By Janny J. Johnson
When my kids were young, every Thanksgiving holiday I would look for special projects we could do together—something beyond the usual construction-paper turkeys. One November I decided we’d begin a new tradition of expressing gratitude by writing letters. I felt that if each child wrote thank you letters to three people the first week of November it would be a great way to help them learn how to express appreciation for others.
I approached the project armed with construction paper, crayons, glitter and glue sticks. I sat the kids down to tell them we would be writing thank you letters to people who might not expect that type of mail.
“Wait a minute,” said my daughter, Kristie. “No one ever writes us thank you letters.”
Her comment caught me off-guard. She had a point. “I haven’t received many unexpected thank you letters,” I admitted. “Often people forget to say thank you. That’s what makes this project so special.”
The kids nodded their heads in agreement, but they still looked a little confused.
“These thank you letters will be different than ones we write thanking people for presents,” I said. “These letters will be for thanking people who smile at us, or who have been kind. Can each of you think of three people you want to thank?” I asked.
Surprisingly, it was Matthew—only four-years-old—who had it figured out. “I want to say thank you to Mrs. Sanders for giving me a banana when I was playing with Tommy at their house.”
“Perfect,” I said.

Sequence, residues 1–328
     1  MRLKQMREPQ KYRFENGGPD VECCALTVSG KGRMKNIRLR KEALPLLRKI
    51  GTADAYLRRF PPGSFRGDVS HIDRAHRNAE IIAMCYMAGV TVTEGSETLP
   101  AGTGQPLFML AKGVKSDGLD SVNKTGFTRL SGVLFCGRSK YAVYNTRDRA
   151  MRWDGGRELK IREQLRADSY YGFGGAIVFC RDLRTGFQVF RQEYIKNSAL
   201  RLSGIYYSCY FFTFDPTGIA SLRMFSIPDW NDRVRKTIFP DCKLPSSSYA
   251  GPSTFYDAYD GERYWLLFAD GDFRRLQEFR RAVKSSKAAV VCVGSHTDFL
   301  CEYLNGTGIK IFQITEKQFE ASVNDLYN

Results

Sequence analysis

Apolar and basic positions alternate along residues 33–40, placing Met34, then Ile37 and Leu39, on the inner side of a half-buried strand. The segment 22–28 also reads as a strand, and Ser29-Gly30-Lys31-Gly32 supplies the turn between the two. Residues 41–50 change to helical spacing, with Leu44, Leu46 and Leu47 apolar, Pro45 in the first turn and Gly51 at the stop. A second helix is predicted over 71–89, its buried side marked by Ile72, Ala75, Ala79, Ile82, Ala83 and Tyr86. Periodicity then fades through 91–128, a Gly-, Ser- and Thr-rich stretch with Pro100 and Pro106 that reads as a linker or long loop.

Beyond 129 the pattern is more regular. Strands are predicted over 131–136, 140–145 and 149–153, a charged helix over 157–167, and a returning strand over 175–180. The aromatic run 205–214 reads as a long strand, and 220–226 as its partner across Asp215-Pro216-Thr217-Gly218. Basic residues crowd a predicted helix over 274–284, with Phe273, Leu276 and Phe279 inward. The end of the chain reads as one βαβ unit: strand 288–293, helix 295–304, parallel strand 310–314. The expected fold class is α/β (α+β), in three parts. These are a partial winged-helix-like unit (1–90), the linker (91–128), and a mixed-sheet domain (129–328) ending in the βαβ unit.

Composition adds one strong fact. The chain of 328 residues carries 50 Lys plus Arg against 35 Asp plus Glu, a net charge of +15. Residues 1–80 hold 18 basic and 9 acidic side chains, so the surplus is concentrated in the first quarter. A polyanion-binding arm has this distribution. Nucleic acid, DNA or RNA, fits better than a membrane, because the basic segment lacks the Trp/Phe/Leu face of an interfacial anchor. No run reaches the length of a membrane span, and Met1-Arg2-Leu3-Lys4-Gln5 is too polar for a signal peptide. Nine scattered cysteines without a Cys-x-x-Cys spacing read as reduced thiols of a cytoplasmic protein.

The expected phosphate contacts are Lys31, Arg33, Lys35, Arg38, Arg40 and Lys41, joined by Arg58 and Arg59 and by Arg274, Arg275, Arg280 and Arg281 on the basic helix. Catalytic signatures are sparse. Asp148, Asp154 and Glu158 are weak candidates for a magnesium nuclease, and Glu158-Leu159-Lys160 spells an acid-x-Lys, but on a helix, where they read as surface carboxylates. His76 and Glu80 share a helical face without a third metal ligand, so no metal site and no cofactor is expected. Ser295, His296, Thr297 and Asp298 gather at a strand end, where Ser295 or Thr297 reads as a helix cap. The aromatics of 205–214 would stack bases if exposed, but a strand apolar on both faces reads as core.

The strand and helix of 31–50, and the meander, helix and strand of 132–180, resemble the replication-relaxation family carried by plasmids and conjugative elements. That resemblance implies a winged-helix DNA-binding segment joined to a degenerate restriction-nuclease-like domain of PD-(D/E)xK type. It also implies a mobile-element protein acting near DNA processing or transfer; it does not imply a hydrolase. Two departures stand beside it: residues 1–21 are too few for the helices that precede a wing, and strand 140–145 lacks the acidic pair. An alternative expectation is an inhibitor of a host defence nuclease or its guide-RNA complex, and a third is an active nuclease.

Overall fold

All of the kids soon made a list of who they would write to or draw a picture for, and began the project in earnest. Even my almost three-year-old was able to think of people to thank. But Kristie could only come up with two names.
Everyone else finished up, and we’d addressed some of the letters to mail the next day. Kristie still stewed about who would receive her last letter. I made a few suggestions, but none of my ideas met with her approval.
The following day, the kids sat at the window, waiting to give their special letters to Amy, our fun mail carrier.
“I see her!” the cry went out.
Amy was in her twenties and had always waved and chatted with my kids as they shared important news with her. She would take the time to pet our dog and admire the kids’ art work. Once, she even sang happy birthday to one of my children.
Kristie flew from the window where she’d been sitting. She called to me as she ran for paper and pencils, “Amy is my third thank-you person!”
Kristie frantically set to work and finished the letter just as Amy came up our walk. Kristie greeted Amy on our porch. Kristie explained, “We wrote Thanksgiving thankful letters. And I’m thankful for you.”
With that, Kristie handed the mail carrier a letter. Large, blue-crayoned letters spelled out “Amy” across the envelope.
Amy bent down with a big smile and thanked Kristie for the special letter.
The next day, we returned from running errands after mail time. When Kristie checked our mailbox, she found a postcard addressed to “The Johnson kids.” Taped to the backside were four foil-wrapped chocolates, each decorated with a goofy turkey. Amy had printed: I am thankful for all of you!
That day, I wrote my first thank you letter—to Amy.
Janny J. Johnson is a freelance writer who was at one tie the mom in a household filled with: a husband, four children, an exchange student, five cats, two goldfish, a dog, a bird and a bunny. Now she sits in a recliner with a laptop and writes about those days. Find her at: http://www.jannyjjohnson.com